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Genome Biol Evol. 2013;5(5):934-53. doi: 10.1093/gbe/evt061.

Life in an arsenic-containing gold mine: genome and physiology of the autotrophic arsenite-oxidizing bacterium rhizobium sp. NT-26.

Author information

1
Laboratoire Génétique Moléculaire, Génomique et Microbiologie, UMR7156 CNRS Université de Strasbourg, Strasbourg, France.

Abstract

Arsenic is widespread in the environment and its presence is a result of natural or anthropogenic activities. Microbes have developed different mechanisms to deal with toxic compounds such as arsenic and this is to resist or metabolize the compound. Here, we present the first reference set of genomic, transcriptomic and proteomic data of an Alphaproteobacterium isolated from an arsenic-containing goldmine: Rhizobium sp. NT-26. Although phylogenetically related to the plant-associated bacteria, this organism has lost the major colonizing capabilities needed for symbiosis with legumes. In contrast, the genome of Rhizobium sp. NT-26 comprises a megaplasmid containing the various genes, which enable it to metabolize arsenite. Remarkably, although the genes required for arsenite oxidation and flagellar motility/biofilm formation are carried by the megaplasmid and the chromosome, respectively, a coordinate regulation of these two mechanisms was observed. Taken together, these processes illustrate the impact environmental pressure can have on the evolution of bacterial genomes, improving the fitness of bacterial strains by the acquisition of novel functions.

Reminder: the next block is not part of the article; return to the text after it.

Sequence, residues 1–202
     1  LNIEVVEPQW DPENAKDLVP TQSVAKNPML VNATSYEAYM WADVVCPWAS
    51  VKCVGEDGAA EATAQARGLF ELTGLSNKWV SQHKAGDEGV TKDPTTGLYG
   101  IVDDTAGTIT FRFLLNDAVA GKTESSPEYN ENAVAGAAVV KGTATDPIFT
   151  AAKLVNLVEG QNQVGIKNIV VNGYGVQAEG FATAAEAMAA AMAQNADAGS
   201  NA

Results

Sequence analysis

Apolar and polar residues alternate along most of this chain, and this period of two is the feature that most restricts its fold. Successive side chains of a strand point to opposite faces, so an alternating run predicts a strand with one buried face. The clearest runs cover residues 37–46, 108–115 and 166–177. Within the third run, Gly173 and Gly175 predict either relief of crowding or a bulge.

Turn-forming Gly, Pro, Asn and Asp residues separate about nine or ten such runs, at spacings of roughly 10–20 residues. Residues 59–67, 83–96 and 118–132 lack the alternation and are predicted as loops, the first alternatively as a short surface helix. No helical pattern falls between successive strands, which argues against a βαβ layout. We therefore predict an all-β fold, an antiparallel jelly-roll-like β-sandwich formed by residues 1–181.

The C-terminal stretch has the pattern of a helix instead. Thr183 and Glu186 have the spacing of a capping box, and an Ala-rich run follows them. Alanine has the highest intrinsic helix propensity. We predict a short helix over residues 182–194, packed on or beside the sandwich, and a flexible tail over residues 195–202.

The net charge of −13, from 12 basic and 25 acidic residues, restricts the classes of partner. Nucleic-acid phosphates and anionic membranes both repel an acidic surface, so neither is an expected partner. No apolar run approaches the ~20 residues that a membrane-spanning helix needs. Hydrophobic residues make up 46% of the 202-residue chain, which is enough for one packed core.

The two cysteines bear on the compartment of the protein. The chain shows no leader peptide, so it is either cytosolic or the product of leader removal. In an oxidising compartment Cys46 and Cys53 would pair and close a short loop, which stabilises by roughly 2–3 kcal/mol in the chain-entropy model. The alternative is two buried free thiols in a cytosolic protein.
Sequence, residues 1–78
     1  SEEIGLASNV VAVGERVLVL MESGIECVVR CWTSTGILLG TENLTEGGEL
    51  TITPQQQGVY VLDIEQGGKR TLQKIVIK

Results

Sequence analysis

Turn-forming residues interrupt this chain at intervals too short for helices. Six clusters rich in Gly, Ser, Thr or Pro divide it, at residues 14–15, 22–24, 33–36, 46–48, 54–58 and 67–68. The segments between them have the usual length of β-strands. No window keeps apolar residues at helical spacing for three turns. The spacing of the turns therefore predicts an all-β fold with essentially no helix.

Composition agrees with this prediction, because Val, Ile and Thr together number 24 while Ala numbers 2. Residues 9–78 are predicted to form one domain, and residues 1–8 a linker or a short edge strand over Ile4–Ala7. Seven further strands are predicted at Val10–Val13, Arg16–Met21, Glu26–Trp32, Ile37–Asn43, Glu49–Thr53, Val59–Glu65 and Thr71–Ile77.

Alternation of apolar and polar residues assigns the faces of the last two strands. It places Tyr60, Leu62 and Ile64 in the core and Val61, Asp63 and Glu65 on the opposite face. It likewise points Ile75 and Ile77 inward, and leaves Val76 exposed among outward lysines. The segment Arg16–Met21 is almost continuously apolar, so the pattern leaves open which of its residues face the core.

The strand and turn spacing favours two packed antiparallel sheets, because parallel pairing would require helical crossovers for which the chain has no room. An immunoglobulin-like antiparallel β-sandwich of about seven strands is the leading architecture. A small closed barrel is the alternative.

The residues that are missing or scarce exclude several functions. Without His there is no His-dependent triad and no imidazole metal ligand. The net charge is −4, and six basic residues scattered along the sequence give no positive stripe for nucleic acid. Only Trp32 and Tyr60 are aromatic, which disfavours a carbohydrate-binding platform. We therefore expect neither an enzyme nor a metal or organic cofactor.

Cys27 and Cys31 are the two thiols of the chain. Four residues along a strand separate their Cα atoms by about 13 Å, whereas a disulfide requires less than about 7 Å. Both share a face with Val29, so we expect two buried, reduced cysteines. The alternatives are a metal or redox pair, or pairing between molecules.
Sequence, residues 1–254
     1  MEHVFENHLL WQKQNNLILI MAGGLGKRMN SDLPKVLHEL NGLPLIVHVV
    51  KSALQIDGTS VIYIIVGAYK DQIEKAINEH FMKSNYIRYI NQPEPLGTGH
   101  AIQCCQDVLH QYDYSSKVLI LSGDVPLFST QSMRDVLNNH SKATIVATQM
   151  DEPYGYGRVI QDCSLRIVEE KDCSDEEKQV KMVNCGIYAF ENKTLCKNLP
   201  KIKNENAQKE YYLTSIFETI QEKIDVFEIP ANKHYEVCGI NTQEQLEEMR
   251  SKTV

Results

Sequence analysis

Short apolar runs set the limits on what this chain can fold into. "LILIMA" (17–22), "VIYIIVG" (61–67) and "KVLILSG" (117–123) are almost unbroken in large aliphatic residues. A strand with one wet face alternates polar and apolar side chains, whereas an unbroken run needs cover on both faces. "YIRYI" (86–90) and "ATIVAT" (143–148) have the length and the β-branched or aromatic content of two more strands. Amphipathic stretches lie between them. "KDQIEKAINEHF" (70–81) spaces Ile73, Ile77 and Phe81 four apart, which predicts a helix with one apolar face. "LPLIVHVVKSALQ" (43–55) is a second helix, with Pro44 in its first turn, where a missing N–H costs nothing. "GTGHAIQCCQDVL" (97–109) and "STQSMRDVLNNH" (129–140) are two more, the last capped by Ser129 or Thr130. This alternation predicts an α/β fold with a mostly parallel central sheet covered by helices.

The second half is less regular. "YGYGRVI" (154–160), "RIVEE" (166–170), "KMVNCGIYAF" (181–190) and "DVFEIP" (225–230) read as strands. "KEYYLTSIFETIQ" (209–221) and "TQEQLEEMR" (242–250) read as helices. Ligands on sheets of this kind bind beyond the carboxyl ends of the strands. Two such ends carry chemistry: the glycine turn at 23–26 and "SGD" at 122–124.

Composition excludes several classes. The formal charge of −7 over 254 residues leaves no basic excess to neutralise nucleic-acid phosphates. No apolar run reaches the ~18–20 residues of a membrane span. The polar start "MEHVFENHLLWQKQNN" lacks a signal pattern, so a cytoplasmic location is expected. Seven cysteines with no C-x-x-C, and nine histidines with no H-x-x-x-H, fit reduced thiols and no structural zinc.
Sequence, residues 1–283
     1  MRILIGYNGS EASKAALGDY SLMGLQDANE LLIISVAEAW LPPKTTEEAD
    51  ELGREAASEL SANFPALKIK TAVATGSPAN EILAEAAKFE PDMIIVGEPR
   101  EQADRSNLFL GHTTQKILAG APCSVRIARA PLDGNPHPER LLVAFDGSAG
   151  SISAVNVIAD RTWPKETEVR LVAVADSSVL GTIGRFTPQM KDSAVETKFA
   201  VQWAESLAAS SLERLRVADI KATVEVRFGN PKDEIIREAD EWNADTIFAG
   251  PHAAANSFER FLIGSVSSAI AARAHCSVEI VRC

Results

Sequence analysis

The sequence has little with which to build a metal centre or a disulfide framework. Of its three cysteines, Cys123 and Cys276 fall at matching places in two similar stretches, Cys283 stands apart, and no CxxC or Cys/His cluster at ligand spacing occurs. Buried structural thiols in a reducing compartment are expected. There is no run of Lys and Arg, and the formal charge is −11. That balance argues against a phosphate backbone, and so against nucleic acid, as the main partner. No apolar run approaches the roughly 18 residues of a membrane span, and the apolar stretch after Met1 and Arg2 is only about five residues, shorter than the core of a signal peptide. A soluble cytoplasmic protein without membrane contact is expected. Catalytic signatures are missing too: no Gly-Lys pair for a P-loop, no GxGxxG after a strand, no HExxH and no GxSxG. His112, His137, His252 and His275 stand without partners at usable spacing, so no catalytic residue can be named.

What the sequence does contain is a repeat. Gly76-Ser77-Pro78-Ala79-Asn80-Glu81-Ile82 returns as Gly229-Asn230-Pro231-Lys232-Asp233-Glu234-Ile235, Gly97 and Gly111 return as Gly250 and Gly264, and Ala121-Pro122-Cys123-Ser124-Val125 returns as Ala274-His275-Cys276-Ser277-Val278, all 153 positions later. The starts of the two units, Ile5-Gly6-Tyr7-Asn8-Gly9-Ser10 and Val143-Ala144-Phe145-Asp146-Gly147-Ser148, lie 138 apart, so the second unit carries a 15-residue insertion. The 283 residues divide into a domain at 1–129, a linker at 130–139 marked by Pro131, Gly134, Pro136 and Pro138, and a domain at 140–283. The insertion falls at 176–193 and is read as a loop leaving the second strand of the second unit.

KEYWORDS:

Rhizobium/Agrobacterium; arsenic metabolism; motility/biofilm; phylogeny; rhizosphere; transcriptomics/proteomics

PMID:
23589360
PMCID:
PMC3673622
DOI:
10.1093/gbe/evt061
[Indexed for MEDLINE]
Free PMC Article
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